# Accumulation Points of Subsets in Euclidean Space

Recall from the Adherent Points of Subsets in Euclidean Space that if $S \subseteq \mathbb{R}^n$ then a point $\mathbf{x} \in \mathbb{R}^n$ is an adherent point of $S$ if there exists an $s \in S$ such that $s \in B(\mathbb{x}, r)$ for every positive real number $r > 0$, i.e., every ball centered at $\mathbf{x}$ contains at least one element from $S$.

We will now look at a special type of adherent points known as accumulation points.

Definition: Let $S \subseteq \mathbb{R}^n$. An Accumulation Point to $S$ is a point $\mathbf{x} \in \mathbb{R}^n$ such that there exists a point $\mathbf{s} \in S \setminus \{ \mathbf{x} \}$ such that $\mathbf{s} \in B(\mathbf{x}, r)$ for all positive real numbers $r > 0$. The set of all accumulation points to $S$ is called the Derived Set of $S$ denoted $S'$. |

*In other words, $\mathbf{x} \in \mathbb{R}^n$ is an accumulation point to $S$ if every ball centered at $\mathbf{x}$ contains an element $s \in S$ that is different from $\mathbf{x}$.*

*A third equivalent definition is that $\mathbf{x} \in \mathbb{R}^n$ is an accumulation point to $S$ if $\mathbf{x}$ is an adherent point to $S \setminus \{ \mathbf{x} \}$.*

For example, consider the set $\mathbb{R}$ and let $S = \{ 0 \} \cup [3, 4) \subseteq \mathbb{R}$. For any point $x \in [3, 4]$ every open interval centered at $\mathbf{x}$ will contain an element from $[3, 4) \subset S$ as seen in the following diagram:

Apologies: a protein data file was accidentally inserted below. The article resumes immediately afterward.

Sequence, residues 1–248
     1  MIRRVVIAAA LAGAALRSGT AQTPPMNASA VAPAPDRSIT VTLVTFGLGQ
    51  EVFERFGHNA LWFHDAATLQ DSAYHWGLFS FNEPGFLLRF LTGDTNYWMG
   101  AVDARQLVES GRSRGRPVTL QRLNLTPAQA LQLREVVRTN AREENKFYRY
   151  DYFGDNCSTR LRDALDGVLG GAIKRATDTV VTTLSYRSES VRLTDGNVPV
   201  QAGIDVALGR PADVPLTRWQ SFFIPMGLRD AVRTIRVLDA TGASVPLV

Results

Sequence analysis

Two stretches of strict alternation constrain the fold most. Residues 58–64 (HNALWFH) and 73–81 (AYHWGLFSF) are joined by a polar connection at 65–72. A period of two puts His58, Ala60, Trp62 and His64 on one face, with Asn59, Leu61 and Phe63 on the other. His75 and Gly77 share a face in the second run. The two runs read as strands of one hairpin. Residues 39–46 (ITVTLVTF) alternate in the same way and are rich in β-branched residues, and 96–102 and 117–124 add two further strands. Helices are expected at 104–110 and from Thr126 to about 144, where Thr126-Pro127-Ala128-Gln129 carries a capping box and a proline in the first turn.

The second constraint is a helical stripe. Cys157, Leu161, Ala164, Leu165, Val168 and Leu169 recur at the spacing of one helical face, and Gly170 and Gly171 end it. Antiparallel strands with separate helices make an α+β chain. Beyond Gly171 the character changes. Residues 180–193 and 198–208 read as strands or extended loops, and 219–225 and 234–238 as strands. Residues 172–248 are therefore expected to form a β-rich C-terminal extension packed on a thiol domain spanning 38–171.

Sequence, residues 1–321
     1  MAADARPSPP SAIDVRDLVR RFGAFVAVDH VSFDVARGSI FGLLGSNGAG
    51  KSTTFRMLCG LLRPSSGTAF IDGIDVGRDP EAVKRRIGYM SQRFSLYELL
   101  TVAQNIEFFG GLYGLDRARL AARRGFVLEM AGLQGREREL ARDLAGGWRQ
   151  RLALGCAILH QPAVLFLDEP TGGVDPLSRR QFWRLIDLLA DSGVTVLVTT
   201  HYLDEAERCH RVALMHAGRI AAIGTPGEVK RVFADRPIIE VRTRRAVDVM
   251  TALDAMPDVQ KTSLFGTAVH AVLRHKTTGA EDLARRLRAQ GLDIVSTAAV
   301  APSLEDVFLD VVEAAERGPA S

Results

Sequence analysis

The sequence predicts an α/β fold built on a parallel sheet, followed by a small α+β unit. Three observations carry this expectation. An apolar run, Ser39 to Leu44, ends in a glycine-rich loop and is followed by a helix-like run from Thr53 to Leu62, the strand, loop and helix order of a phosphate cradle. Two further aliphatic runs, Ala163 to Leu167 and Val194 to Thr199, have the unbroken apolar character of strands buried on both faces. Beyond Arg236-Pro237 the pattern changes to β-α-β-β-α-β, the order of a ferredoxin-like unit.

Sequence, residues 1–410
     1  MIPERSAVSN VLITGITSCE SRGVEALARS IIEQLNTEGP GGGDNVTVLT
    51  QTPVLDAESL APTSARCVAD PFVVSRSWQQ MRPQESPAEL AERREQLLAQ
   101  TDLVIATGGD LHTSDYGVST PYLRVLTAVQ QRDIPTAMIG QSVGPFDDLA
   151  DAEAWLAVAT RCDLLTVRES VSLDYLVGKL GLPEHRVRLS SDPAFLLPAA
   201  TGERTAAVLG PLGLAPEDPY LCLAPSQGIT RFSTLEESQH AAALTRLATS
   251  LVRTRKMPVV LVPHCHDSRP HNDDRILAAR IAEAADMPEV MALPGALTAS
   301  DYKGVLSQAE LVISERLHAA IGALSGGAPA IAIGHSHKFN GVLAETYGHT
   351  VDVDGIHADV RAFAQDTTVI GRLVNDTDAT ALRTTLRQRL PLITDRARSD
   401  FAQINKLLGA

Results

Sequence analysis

Therefore every element $x \in [3, 4)$ is an accumulation point. However, the element $0 \in S$ is NOT an accumulation point. Take the open interval $B(0, 1) = (-1, 1)$. The only element from $S$ in this interval is $0$ itself!

For another example, consider the subset $S \subseteq \mathbb{R}^2$ that is the disk centered at the origin $\mathbf{0} = (0, 0)$ with radius $1$. As we saw on the previous page on adherent points, the points on the unit circle are adherent points and they're in fact also accumulation points.

For a third example, consider the subset $S = \{ 1 - \frac{1}{n} : n \in \mathbb{N} \} \subseteq \mathbb{R}$. The only accumulation point of $S$ is $1$. To prove this, for $r > 0$ consider an open interval centered at $1$, i.e., $(1 - r, 1 + r)$. Then all $x$ in this interval satisfy:

(1)For each $r > 0$ there exists $n(r) \in \mathbb{N}$ such that $\frac{1}{r} < n(r)$ by The Archimedean Property. So $\frac{1}{n(r)} < r$ and $0 > -\frac{1}{n(r)} > -r$ so:

(2)Since $1 - \frac{1}{n(r)} \neq 1$ for all $n \in \mathbb{N}$ we have that for all $r > 0$ there exists an element $s \in S$ different from $1$ such that $s \in B(1, r)$ so $1$ is an accumulation point of $S$.

Theorem 1: Let $S \subseteq \mathbb{R}^n$. If $\mathbf{x} \in \mathbb{R}^n$ is an accumulation point of $S$ then every ball $B(\mathbf{x}, r)$ contains infinitely many points different from $\mathbf{x}$ in $S$. |

**Proof:**Let $\mathbf{x} \in \mathbb{R}^n$ be an accumulation point and assume instead that that there exists a positive real number $r > 0$ such that $B(\mathbf{x}, r)$ contains finitely many points from $S$ different from $\mathbf{x}$, say $\mathbf{s_1}, \mathbf{s_2}, ..., \mathbf{s_n} \in S$. Let $\delta$ be defined by:

- Notice that $\delta > 0$ since each $\mathbf{s_i}$ is different from $\mathbf{x}$. Now consider the open ball centered at $\mathbf{x}$ with radius $\frac{\delta}{2}$. Then $\mathbf{x}$ is the only element in $B \left (\mathbf{x}, \frac{\delta}{2} \right)$ that is also in $S$, so $\mathbf{x}$ is not an accumulation point - a contradiction.

- Therefore the assumption that there existed a ball centered at $\mathbf{x}$ containing only finitely many points from $S$ different from $\mathbf{x}$ was false. Therefore every ball $B(\mathbf{x}, r)$ contains infinitely many points different from $\mathbf{x}$ in $S$. $\blacksquare$